17. It is His pull on our hearts that causes us to desire Him. Our longing for Him is but the echo of His longing for us.
“This is love: not that we loved him, but that he loved us… We love because He first loved us” (1 John 4:10, 19).
18. Through a consistent, daily intake of His Word, God will reveal His heart and direct our prayers. His Word becomes the mold in which our prayers are shaped.
19. The person who is abiding in Christ has desires that are God-shaped. Out of the life that is abandoned to God and His purposes flows the prayer that God has promised to answer.
“If you remain in me and my words remain in you, ask whatever you wish and it will be done for you” (John 15:7).
20. Power flows from purity. Seek purity and you will find power.
“Who may ascend the hill of the LORD? Who may stand in his holy place? He who has clean hands and a pure heart” (Ps. 24:3-4).
21. The Spirit’s quiet whisper
Bids me bow before Your throne
‘Til my heart’s deepest yearnings
Are the echo of Your own.
“Be still, and know that I am God” (Ps. 46:10).
22. Faith is not knowing how God will bring His will into being; faith is knowing that God will bring His will into being. God’s ways are not our ways, but you can be assured of this: He is faithful and trustworthy and your heart can safely rest in Him.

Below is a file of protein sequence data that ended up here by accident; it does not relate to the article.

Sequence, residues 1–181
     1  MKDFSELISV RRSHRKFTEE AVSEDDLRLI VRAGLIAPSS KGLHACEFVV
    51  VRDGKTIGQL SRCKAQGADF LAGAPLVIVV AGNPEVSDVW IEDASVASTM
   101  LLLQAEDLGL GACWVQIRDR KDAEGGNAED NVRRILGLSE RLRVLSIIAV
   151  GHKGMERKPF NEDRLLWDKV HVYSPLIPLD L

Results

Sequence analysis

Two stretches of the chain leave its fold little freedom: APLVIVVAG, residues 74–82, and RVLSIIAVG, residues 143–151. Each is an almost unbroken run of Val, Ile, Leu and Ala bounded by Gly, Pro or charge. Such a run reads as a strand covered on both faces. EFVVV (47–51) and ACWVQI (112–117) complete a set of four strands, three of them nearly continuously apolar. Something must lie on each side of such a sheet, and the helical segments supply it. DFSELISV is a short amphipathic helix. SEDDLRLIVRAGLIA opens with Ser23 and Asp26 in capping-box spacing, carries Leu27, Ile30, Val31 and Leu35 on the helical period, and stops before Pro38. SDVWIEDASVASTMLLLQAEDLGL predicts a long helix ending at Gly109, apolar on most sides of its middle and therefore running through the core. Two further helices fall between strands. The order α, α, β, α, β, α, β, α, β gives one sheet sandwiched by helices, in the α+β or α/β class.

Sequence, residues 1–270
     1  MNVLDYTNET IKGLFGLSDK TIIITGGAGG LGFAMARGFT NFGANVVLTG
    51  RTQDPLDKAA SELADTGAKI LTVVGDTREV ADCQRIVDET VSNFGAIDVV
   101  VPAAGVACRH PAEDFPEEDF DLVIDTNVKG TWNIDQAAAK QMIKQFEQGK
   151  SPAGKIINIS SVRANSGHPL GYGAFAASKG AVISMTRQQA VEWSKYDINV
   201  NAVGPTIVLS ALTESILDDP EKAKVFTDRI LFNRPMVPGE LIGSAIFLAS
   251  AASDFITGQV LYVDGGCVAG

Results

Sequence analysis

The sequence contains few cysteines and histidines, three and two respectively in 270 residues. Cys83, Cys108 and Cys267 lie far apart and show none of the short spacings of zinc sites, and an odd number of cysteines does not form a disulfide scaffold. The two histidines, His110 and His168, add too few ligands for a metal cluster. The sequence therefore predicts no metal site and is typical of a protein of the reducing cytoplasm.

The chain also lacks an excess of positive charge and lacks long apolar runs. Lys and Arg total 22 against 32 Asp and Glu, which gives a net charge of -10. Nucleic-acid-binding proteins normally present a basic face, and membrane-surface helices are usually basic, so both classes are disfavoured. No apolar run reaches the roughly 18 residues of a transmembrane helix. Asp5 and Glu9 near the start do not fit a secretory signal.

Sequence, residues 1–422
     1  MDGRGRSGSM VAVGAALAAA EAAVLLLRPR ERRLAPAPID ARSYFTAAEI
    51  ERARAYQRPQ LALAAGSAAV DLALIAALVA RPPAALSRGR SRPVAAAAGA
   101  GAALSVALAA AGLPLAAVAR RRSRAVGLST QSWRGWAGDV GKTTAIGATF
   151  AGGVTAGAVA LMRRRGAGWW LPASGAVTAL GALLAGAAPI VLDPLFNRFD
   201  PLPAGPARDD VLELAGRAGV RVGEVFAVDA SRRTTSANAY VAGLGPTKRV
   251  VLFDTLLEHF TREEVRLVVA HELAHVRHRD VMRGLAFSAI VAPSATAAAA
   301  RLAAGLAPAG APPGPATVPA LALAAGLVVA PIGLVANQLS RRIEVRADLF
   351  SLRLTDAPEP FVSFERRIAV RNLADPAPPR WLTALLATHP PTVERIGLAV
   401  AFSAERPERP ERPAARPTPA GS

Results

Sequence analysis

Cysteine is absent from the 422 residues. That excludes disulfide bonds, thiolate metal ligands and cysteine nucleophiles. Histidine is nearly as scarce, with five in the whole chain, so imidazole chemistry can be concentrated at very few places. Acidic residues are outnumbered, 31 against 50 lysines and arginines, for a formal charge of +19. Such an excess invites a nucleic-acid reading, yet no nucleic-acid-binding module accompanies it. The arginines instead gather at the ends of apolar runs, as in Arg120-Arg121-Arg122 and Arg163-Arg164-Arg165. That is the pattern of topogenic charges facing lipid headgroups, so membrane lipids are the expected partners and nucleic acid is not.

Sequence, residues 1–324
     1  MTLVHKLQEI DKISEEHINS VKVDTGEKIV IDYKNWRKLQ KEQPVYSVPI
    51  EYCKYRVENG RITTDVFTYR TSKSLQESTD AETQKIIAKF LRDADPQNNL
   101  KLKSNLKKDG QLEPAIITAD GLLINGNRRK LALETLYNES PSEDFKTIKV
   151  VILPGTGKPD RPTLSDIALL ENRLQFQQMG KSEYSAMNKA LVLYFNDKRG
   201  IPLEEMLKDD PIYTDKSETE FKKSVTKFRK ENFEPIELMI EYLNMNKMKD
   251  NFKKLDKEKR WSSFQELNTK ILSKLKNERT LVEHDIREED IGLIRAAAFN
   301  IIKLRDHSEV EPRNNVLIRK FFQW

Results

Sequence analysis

“All the ways of the Lord are loving and faithful to those who keep the demands of his covenant” (Ps. 25:10).
23. He does not have “one size fits all” answers. God’s agenda is always bigger than the immediate circumstances. The immediate circumstances are going to merge with an eternal agenda.
“For my thoughts are not your thoughts, neither are your ways my ways,” declares the LORD. “As the heavens are higher than the earth, so are my ways higher than your ways and my thoughts than your thoughts” (Isa. 55:8-9).
24. We seek God through the spiritual disciplines. By engaging in the spiritual disciplines, we keep our lives open to God so that He can do in us and through us what He desires. He can fulfill His purpose through us when we are accessible to Him.
“I cry out to God Most High, to God, who fulfills his purpose for me” (Ps. 57:2).
25. The same scripture is received as “milk” by some and as “meat” by others. Some believers, it seems, have not ingested enough of the Word to develop a mature spiritual digestive system. They can only access what they can skim off the surface. Others, though, have taken in enough spiritual food that their spiritual digestive systems can metabolize meat. They can access the deeper, more substantive truths in God’s Word. How have they reached this maturity? The writer of Hebrews puts it this way: “…who, by constant use, have trained themselves…” (Heb. 5:14). Do you want to move on from milk to meat? Make constant use of the Word of God.
“We have much to say about this, but it is hard to explain because you are slow to learn. In fact, though by this time you ought to be teachers, you need someone to teach you the elementary truths of God’s word all over again. You need milk, not solid food! Anyone who lives on milk, being still an infant, is not acquainted with the teaching about righteousness. But solid food is for the mature, who by constant use have trained themselves to distinguish good from evil” (Heb. 5:11-14).
26. To live in intimacy with God, we must build into our lives the discipline of solitude and silence. We must respond when the Lover of our souls calls us to a place of solitude to be alone with Him.
“Therefore I am now going to allure her; I will lead her into the desert and speak tenderly to her” (Hos. 2:14).